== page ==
Additionally, the number of unaccompanied children in CBP facilities peaked at 6,000 children in March. During the last administration, the height of unaccompanied minors was 2,600. This has more than doubled and now matters remain increasingly difficult with more health restrictions and less housing space.

An influx in migrant border crossing has been attributed to both relaxed policies of deportation and the toll of the COVID-19 pandemic. Most children are fleeing economic hardship and violence from Central American countries such as Guatemala, Honduras and El Salvador. Yet, along the way migrants face more violence and harm. It is estimated that 1/3 of women are sexually assaulted along the journey to the U.S. border.

Moving to April, CBP still saw a slight increase in migrant crossings with 178,622 border encounters. Yet, the amount of unaccompanied minors decreased compared to April while the number of single adults rose. 

A poll published in May by Associated Press-NORC at the University of Chicago found that 43% of adults approve of how President Joe Biden is handling the crisis at the border. On the other hand, 54% do not approve of his administration’s actions since January.

The Biden administration still faces a daunting task of resolving a near 20 year high of border crossings with no end in sight.

Washington State University Becomes the First College to Mandate Vaccines

WSU was the first college in Washington State to mandate vaccines, many other public colleges are following their footsteps.

 

With COVID-19 vaccinations becoming more accessible throughout Washington, several universities such as The University of Washington and Western Washington University are requiring their students to return to campus fully vaccinated. Washington State University was the first public university in the state to require proof of vaccination.

Proof of vaccination will be due Aug. 6, before the fall semester begins, students not living on campus will need to submit their proof of vaccination by Nov. 1, according to President Kirk Schulz. Those who don’t meet this deadline will be unable to register for classes.

However, exemptions may be in place for those not wishing to get their vaccine. “Our desire is that all students, faculty, staff and volunteers are vaccinated by the start of the fall semester. I think you always need to have exemptions in place. We are expanding that exemption category to include personal exemptions because, again, we’re not interested in getting into a debate with individuals. We really want to make sure people are making a conscious choice and are taking action one way or the other,” explains WSU’s spokesman Phil Weiler.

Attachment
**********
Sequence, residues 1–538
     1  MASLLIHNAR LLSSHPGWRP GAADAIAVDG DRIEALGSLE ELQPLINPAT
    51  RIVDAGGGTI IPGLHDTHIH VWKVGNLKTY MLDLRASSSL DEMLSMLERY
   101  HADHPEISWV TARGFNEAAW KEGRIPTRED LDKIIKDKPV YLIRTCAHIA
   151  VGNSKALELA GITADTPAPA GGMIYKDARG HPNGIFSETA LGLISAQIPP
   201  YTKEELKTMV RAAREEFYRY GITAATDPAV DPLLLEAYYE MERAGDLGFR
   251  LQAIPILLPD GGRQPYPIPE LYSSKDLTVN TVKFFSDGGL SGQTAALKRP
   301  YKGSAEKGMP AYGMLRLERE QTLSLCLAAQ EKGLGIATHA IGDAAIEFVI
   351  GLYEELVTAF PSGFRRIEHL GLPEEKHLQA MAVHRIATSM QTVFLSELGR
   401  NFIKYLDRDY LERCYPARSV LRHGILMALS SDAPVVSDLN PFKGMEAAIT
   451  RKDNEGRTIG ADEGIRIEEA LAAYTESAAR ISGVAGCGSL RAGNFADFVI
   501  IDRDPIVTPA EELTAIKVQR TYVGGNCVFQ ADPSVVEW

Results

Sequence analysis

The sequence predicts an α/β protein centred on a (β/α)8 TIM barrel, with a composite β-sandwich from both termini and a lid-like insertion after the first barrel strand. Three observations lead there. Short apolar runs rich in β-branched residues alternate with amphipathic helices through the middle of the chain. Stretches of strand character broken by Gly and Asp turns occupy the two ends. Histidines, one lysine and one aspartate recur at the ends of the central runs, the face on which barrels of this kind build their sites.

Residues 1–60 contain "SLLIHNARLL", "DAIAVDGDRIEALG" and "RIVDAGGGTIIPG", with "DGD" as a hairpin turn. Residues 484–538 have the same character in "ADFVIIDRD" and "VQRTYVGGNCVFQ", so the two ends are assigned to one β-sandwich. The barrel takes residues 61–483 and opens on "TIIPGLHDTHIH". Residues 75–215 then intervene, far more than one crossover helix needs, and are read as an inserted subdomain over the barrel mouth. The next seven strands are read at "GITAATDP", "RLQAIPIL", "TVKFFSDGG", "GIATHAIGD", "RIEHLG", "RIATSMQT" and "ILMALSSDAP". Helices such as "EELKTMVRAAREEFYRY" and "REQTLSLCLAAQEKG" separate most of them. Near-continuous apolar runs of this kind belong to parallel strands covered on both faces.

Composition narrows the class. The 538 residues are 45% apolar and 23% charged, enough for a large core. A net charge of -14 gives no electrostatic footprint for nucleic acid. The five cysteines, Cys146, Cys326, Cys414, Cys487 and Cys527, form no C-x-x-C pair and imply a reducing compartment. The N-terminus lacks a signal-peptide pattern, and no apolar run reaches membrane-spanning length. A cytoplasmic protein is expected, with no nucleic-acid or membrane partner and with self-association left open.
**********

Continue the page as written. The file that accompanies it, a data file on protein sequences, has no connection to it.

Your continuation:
While exemptions will be allowed, WSU aims to make sure a majority of their students are vaccinated so on-campus classes may be brought back sooner. “If we can get everybody vaccinated, we can have the kind of academic experience that everybody expects and everybody wants,” said Weiler.

 It’s not just the president and spokesman pushing for this requirement either. According to Daryll DeWald, chancellor of WSU’s health sciences, many deans from the pharmaceutical and nursing colleges are advocating for this requirement, while WSU Senate Chair David Trumbull said older and at-risk staff members would be concerned without this mandate.

 “WSU has an obligation to serve the public good and do all it can to ensure the health and safety of citizens in the state of Washington,” said DeWald.

DeWald’s words encourage not just WSU students but all university students and staff to make the choice to get vaccinated so that the community can pave the way back to their campuses in a safe and healthy way.

Fully vaccinated individuals are no longer required to wear masks or social distance

The CDC announced on May 13 that fully vaccinated people no longer need to wear masks or practice social distancing both indoors and outdoors. Unvaccinated people are still encouraged by the CDC to wear masks in public places, as well as practice social distancing.

“You can resume activities without wearing a mask or staying 6 feet apart, except where required by federal, state, local, tribal or territorial laws, incl. local business and workplace guidance,” the CDC stated in a tweet.

As stated on the CDC’s official site, to qualify as being fully vaccinated you must have either received a second dose in a two-dose series such as Pfizer or Moderna vaccines, or a single-dose vaccine such as Johnson & Johnson’s Janssen vaccine. You are considered fully vaccinated two weeks after receiving your second or single-dose vaccination.